The Rector Writes – December 2018

In recent years, St Nick’s has seen a considerable increase in participation in our Christmas events (something which reflects national church trends). There is a hunger for connection as Christmas approaches. Thus, for several years, we’ve hosted the local Christmas Tree Lights Switch-On which brings hundreds of people into the church. It’s become the traditional local signal
for the start of the festive season. In addition, we’ve seen our Christingle and Community Carol services grow in size and popularity, and that’s before onementions the many successful concerts given by the Greater Manchester Voices.

This year looks like being especially busy. In addition to the Christmas Tree Lights Switch-On on 30th November, there will be the usual Community Carol Service on 16th December at 3pm, as well as a full programme of Christmas services on Christmas Eve night and Christmas Day. This year, Greater Manchester Voices are holding an open evening on 20th December
rather than a full concert. Do join them, if you can! Of course, on 9th December, at our usual 10.30am service, we shall hold a very special Christingle. It will mark our 90th Anniversary as a parish. The service will be presided over by Mark, the Bishop of Middleton, and it will bring together friends old and new to celebrate the 90th anniversary of the parish of St Nicholas Burnage; it will also give us an opportunity to look forward to how we can continue to grow and evolve as a community.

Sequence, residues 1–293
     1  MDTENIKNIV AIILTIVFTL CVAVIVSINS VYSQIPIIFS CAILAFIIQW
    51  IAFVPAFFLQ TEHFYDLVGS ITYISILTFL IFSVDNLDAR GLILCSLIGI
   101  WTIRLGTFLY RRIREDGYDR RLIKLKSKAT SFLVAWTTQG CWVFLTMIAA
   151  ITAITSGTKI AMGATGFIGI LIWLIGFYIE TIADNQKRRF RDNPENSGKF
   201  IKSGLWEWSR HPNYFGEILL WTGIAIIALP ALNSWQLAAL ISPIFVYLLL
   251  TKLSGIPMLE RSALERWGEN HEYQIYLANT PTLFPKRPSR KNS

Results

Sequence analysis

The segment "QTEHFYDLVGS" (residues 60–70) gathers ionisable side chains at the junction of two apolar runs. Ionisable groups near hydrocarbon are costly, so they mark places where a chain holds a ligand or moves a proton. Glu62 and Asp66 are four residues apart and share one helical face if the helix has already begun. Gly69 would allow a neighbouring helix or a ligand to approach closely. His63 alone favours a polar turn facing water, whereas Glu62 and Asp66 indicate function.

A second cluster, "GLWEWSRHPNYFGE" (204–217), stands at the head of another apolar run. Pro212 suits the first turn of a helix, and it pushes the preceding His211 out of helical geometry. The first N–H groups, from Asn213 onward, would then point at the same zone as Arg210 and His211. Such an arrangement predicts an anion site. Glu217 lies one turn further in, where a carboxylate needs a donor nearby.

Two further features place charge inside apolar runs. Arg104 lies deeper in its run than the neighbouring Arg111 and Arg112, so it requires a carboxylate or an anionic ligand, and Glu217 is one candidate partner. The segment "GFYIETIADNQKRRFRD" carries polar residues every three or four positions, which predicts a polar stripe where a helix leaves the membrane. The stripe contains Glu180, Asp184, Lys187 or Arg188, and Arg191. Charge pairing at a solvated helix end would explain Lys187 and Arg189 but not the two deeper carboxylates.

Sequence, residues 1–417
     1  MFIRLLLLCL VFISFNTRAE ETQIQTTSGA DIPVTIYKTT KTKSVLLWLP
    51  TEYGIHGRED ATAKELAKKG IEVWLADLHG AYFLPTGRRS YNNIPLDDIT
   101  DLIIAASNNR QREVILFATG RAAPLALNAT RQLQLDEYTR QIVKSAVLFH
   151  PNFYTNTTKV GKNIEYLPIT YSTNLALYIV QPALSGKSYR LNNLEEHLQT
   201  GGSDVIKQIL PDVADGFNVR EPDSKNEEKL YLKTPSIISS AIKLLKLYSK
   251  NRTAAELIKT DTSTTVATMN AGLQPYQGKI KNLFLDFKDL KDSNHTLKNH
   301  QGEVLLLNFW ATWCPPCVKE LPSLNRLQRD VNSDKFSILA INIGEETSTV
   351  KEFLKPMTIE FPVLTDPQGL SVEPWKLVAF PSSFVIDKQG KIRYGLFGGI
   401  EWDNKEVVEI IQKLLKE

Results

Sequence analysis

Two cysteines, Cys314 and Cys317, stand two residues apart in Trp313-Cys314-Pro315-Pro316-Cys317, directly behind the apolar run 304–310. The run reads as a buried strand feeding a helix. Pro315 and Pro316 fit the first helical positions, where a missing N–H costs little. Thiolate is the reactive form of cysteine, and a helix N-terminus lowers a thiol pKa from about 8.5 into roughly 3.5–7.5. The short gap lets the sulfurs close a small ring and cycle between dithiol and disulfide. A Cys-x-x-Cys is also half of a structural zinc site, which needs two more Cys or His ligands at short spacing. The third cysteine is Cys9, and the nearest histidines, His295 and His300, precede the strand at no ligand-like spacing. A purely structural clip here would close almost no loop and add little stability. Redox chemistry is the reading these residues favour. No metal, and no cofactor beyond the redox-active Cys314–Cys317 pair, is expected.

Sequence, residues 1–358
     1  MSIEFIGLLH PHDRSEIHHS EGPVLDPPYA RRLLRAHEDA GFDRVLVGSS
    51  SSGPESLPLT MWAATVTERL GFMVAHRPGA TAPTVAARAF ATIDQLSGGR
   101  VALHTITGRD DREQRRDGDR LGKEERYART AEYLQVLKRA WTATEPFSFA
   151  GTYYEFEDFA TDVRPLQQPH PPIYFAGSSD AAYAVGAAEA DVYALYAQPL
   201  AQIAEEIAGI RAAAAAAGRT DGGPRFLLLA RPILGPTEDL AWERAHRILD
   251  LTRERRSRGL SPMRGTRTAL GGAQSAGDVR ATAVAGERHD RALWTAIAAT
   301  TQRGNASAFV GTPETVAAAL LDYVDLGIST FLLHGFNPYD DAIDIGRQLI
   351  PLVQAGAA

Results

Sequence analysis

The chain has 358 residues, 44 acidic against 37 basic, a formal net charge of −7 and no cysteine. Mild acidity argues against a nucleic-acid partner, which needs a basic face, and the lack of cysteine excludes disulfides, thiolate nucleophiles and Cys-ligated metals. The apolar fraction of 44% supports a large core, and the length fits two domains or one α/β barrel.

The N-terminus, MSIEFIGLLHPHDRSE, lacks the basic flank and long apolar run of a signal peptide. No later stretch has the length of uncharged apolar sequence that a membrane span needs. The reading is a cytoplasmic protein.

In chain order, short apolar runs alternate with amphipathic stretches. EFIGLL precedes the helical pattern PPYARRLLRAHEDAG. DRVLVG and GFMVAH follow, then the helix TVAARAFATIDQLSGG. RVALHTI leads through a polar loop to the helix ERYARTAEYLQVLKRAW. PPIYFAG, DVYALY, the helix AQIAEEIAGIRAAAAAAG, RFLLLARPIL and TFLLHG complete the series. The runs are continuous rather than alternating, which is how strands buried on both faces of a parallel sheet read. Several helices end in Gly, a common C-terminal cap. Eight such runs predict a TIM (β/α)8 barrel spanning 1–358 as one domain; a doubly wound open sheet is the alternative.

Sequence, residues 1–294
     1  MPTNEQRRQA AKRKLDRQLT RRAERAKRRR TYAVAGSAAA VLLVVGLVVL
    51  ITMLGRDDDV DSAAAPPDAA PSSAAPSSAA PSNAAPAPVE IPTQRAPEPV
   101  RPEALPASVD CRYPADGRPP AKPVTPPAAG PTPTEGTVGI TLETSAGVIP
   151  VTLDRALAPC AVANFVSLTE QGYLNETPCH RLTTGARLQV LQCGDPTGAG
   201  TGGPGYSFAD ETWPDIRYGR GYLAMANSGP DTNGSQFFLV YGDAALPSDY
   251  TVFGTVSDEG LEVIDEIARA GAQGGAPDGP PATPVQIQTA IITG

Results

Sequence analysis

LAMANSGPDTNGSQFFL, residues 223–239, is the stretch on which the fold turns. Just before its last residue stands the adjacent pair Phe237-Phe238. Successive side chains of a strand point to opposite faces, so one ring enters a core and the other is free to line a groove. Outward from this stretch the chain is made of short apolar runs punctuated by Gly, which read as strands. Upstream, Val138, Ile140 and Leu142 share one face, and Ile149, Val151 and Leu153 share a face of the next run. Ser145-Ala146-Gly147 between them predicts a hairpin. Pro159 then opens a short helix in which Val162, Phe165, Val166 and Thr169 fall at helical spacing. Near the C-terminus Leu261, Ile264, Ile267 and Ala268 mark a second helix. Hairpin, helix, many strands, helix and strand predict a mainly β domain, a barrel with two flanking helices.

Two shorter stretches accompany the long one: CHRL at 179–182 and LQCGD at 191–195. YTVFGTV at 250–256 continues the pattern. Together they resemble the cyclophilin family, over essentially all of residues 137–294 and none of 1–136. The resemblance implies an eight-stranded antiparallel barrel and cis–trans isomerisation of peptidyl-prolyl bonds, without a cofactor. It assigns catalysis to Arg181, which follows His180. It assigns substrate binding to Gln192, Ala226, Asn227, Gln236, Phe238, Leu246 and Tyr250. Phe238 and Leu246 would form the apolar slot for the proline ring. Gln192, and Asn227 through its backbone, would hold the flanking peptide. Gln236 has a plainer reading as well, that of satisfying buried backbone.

On 8th December, at 10.30am, I should also like to invite you to come and join me at the Rectory for a Christmas Coffee Morning. I remember fondly how Vera and Sybil Gawkrodger used to hold a Christmas get-together and I’d like to reinstitute it. I’m no mince-pie baker, so I may have to rely on other people’s skills! However, I’m sure I can dig out some brandy to slip into your
coffees! Of course, there will be other opportunities to share fun, fellowship and reflection during Advent and Christmas. Do check your notice sheets regarding these.

However, a little note of caution. For all the busyness that December brings, it is important that we don’t lose sight of our true focus. Without it, all the tinsel and partying is mere clanging bells and sounding fury.

Don’t get me wrong. I’m not trying to be a killjoy. Far from it. Advent and Christmas are extraordinary seasons. Let us dare, then, to use December as an opportunity to prepare and pray and ready ourselves for the feast. But the point of that preparation is Jesus Christ.

How easy it is for any of us to lose sight of the centrality of Christ to our festal joy. In my busyness I can get a little lost. Many clergy find December such a bewildering marathon that the only thing they look forward to on Christmas day afternoon is a good sleep! This is understandable. We are all limited human beings. Yet, there are richer and deeper joys in our Advent preparations and Christmas feasting than trying to get the ‘big day’ right.